sometimes manufacture or find various further quotations that allege that the Trinity was
derived from various pagan religions.31 However, there simply is no connection between
pagans who worshipped many gods and sometimes put three of them together (as they
would sometimes put two, four, or some other number of their gods together in a
particular idolatrous image) and the tri-unity of the one God of the Bible.32
Similarly, Unitarians and modalists may affirm that Trinitarianism was derived
from Plato or Platonic philosophy. They offer as proof for their contention extremely
questionable quotations of the sort examined above, by people like Norton, Lacugna, and
Weigall. What they do not do is quote Plato. A rather severe problem for their position

cf. Should You Believe in the Trinity? pgs 2, 10

cf. Should You Believe in the Trinity? pgs. 11-12.
Robert Morey (pgs. 488-489, The Trinity: Evidence and Issues. Iowa Falls, IA: World Bible
Publishers, 1996) writes, The Watchtower . . . proves [its] claim [that the Trinity comes from paganism]
by pictures of three idols of various pagan deities standing together as if they represent the source of the
Christian concept of the Trinity. For example, they point to Egyptian idols of Osiris, Isis, and Horus.
This argument is based on two very basic logical fallacies. First, it commits the fallacy of
equivocation in that the word Trinity is being used with several different meanings. The word Trinity
according to Christian theology refers to one, infinite/personal God eternally existing in three Persons: the
Father, the Son, and the Holy Spirit. But the word Trinity is used by the Arians to refer to any grouping
of three finite gods and goddesses. Obviously there is no logical relationship between three finite gods and
the one trinue God of Christianity.
Second, the fallacy of equivocation leads to the categorical fallacy of trying to relate together
concepts that have no relationship at all. The following diagram illustrates the radical difference between
the Trinity and pagan triads:
The Trinity
Pagan triads
one God
three gods & goddesses
infinite in nature
finite in nature
ignorant of some things
limited to one place
good and evil
The Watchtowers attempt to link the Trinity to pagan triads reveals either that [it does] not understand the
Trinity, or that, if [it] does, [it] is being deliberately deceptive.


is that the writings of Plato do not contain the doctrine of the Trinity.33 Nor do the
writings of Aristotle or other pre-Christian pagan philosophers. Similarities of language34

Morey (pg. 489-490, The Trinity: Evidence and Issues) writes, The same problem arises when
[Ariansspecifically the Watchtower in Should You Believe in the Trinity?] claims the doctrine of the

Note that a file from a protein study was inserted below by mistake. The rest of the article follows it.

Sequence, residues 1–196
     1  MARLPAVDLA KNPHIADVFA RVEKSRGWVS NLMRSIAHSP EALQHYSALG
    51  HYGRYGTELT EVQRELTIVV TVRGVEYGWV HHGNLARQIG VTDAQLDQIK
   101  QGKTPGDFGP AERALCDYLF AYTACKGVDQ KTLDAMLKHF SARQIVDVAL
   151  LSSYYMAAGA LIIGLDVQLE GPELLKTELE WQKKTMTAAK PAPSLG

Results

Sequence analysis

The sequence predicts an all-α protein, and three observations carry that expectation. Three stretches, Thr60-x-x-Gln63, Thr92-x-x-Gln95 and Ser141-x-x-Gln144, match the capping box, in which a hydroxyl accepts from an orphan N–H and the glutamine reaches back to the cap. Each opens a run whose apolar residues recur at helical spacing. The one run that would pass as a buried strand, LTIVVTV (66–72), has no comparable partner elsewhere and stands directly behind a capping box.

Trinity came from Plato. They do not indicate where the Trinity can be found in the writings of Plato.
They quote from Unitarians and other anti-Trinitarians who make the same claim, but nowhere do they
quote Plato.
Since we are quite familiar with Plato and have translated some of his dialogues from the original
Greek, we must go on record that we have never found in Plato anything even remotely resembling the
Christian doctrine of the Trinity. Perhaps this is why Arians never give a single reference to Platos works
to back up their claims. . . .
[T]he Watchtower . . . [has] made [the] claim many times . . . that . . . [Trinitarians] borrowed their
conceipt of the Trinity from Platonism and used Platos Demiurge as their concept of Christ . . . What they
fail to tell their readers is that Platos Demiurge was a finite being created by God and, thus, not equal to
God. The following diagram reveals whose Christ is patterned after the Demiurge:
The Demiurge
Two Views of Christ
not created
not eternal
not eternal
not omnipresent
not omnipresent
not omniscient
not omniscient
not omnipotent
not omnipotent
full deity
From the above chart, it is clear that it is Arianism that has patterned its view of Christ from Platos
It is also noteworthy that many Roman Catholics (though not allsome were rabid enough to
attempt to read into Platos works what was clearly not present, a practice followed even by some earlier
writers) who adopted and promolugated much of the philosophy of Plato in the medieval and subsequent
eras, and tried with all their might to Christianize the Greek philosopher, were honest enough to admit that
there was no Trinity in Plato. For example, Marsilio Ficino, 14331499, one of the circle who made the
court of Lorenzo the Magnificent famous, was an ordained priest, rector of two churches and canon of the
cathedral of Florence. He eloquently preached the Platonic gospel to his brethren in Plato, and translated
the Orphic hymns, the Hermes Trismegistos, and some works of Plato and Plotinus, a colossal task for
that age. He believed that the divine Plotinus had first revealed the theology of the divine Plato and the
mysteries of the ancients, and that these were consistent with Christianity. Yet he was unable to find in
Platos writings the mystery of the Trinity (David Schaff, The Middle Ages: From Boniface VIII, 1294, to
the Protestant Reformation, 1517, Vol. 6, Chap. 8:65 in Philip Schaffs History of the Christian Church,
elec. acc.).
The evident fact that the requirements of language will lead to some overlap in terminology
between Gods people and paganism as believers communicate the truths about God derived from
revelation should be obvious from a simple consideration of the necessities of discourse in a language
common to believers and unbelievers. The fact that a Christian who is explaining truth about the nature of
God in modern America at a secular university to a philosophy major may use terminology familiar to his
unsaved philosophical friend does not mean that the Christians view of God came from anti-God